A Vision Of Repentance

Charles Lamb 1775 (Inner Temple, London) – 1834 (Edmonton, London)

I saw a famous fountain, in my dream,
Where shady path-ways to a valley led;
A weeping willow lay upon that stream,
And all around the fountain brink were spread
Wide branching trees, with dark green leaf rich clad,
Forming a doubtful twilight-desolate and sad.

The place was such, that whoso enter'd in,
Disrobed was of every earthly thought,
And straight became as one that knew not sin,
Or to the world's first innocence was brought;
Enseem'd it now, he stood on holy ground,
In sweet and tender melancholy wrapt around.

A most strange calm stole o'er my soothed sprite;
Long time I stood, and longer had I staid,
When, lo! I saw, saw by the sweet moon-light,
Which came in silence o'er that silent shade,
Where, near the fountain, something like despair
Made, of that weeping willow, garlands for her hair.

And eke with painful fingers she inwove
Many an uncouth stem of savage thorn-
'The willow garland, that was for her love,
And these her bleeding temples would adorn.'
With sighs her heart nigh burst, salt tears fast fell,
As mournfully she bended o'er that sacred well.

To whom when I addrest myself to speak,
She lifted up her eyes, and nothing said;
The delicate red came mantling o'er her cheek,
And, gath'ring up her loose attire, she fled
To the dark covert of that woody shade,
And in her goings seem'd a timid gentle maid.

Revolving in my mind what this should mean,
And why that lovely lady plained so;
Perplex'd in thought at that mysterious scene,
And doubting if 'twere best to stay or go,
I cast mine eyes in wistful gaze around,
When from the shades came slow a small and plaintive sound.

'Psyche am I, who love to dwell
In these brown shades, this woody dell,
Where never busy mortal came,
Till now, to pry upon my shame.

At thy feet what thou dost see
The waters of repentance be,
Which, night and day, I must augment
With tears, like a true penitent,

If haply so my day of grace
Be not yet past; and this lone place,
O'er-shadowy, dark, excludeth hence
All thoughts but grief and penitence.'

'Why dost thou weep, thou gentle maid!
And wherefore in this barren shade
Thy hidden thoughts with sorrow feed?
Can thing so fair repentance need?'

'O! I have done a deed of shame,
And tainted is my virgin fame,
And stain'd the beauteous maiden white,
In which my bridal robes were dight.'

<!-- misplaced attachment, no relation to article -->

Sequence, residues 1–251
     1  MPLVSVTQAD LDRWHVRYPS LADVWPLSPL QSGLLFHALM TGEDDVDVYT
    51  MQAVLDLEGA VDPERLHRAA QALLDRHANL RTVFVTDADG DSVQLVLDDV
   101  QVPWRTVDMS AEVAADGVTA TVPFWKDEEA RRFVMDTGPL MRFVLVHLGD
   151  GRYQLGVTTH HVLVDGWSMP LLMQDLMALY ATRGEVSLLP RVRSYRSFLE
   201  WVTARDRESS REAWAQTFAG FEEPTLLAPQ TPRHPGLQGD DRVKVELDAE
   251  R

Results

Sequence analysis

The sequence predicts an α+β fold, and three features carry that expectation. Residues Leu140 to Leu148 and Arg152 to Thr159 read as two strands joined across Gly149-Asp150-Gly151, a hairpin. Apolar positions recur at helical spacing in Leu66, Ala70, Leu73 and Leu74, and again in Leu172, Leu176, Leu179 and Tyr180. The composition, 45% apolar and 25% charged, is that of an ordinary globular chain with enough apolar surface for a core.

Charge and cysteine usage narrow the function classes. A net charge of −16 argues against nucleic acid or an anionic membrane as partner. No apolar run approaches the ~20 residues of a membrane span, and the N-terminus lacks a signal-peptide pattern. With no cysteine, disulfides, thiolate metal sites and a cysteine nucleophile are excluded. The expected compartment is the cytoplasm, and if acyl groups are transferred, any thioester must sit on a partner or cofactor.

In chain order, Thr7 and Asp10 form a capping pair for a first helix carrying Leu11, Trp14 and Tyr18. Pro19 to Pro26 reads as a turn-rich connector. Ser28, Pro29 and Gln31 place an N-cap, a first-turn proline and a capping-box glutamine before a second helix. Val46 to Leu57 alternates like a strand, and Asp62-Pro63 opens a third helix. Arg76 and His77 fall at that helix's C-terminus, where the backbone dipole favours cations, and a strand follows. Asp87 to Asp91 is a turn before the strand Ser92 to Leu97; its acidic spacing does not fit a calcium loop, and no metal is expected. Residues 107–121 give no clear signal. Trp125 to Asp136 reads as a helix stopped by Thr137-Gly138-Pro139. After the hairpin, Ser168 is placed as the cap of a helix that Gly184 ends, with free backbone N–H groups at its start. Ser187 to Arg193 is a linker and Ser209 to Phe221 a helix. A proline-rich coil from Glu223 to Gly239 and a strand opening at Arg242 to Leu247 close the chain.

'And who the promised spouse, declare:
And what those bridal garments were.'

'Severe and saintly righteousness
Compos'd the clear white bridal dress;
Jesus, the son of Heaven's high king,
Bought with his blood the marriage ring.
A wretched sinful creature, I
Deem'd lightly of that sacred tie,
Gave to a treacherous world my heart,
And play'd the foolish wanton's part.

Soon to these murky shades I came,
To hide from the sun's light my shame.
And still I haunt this woody dell,
And bathe me in that healing well,
Whose waters clear have influence
From sin's foul stains the soul to cleanse;
And, night and day, I them augment,
With tears, like a true penitent,
Until, due expiation made,
And fit atonement fully paid,
The lord and bridegroom me present,
Where in sweet strains of high consent,
God's throne before, the Seraphim
Shall chaunt the extatic marriage hymn.'

'Now Christ restore thee soon'-I said,
And thenceforth all my dream was fled.

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Submitted on May 13, 2011

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Charles Lamb

Charles Lamb was an English essayist, poet, and antiquarian, best known for his Essays of Elia and for the children's book Tales from Shakespeare, co-authored with his sister, Mary Lamb (1764–1847). Friends with such literary luminaries as Samuel Taylor Coleridge, Robert Southey, William Wordsworth, and William Hazlitt, Lamb was at the centre of a major literary circle in England. He has been referred to by E. V. Lucas, his principal biographer, as "the most lovable figure in English literature". more…

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    "A Vision Of Repentance" Poetry.net. STANDS4 LLC, 2020. Web. 24 Sep. 2020. <https://www.poetry.net/poem/5322/a-vision-of-repentance>.

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